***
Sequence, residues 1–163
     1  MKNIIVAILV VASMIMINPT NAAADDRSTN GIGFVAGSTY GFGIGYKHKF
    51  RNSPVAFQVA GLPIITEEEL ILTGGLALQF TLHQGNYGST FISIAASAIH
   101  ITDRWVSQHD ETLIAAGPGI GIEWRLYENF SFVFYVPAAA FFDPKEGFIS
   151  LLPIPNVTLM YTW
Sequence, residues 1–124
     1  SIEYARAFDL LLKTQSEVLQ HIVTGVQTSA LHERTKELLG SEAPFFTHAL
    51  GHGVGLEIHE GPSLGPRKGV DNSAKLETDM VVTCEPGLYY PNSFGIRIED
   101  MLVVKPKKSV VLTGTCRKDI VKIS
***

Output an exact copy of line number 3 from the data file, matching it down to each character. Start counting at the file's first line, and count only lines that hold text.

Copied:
    51  RNSPVAFQVA GLPIITEEEL ILTGGLALQF TLHQGNYGST FISIAASAIH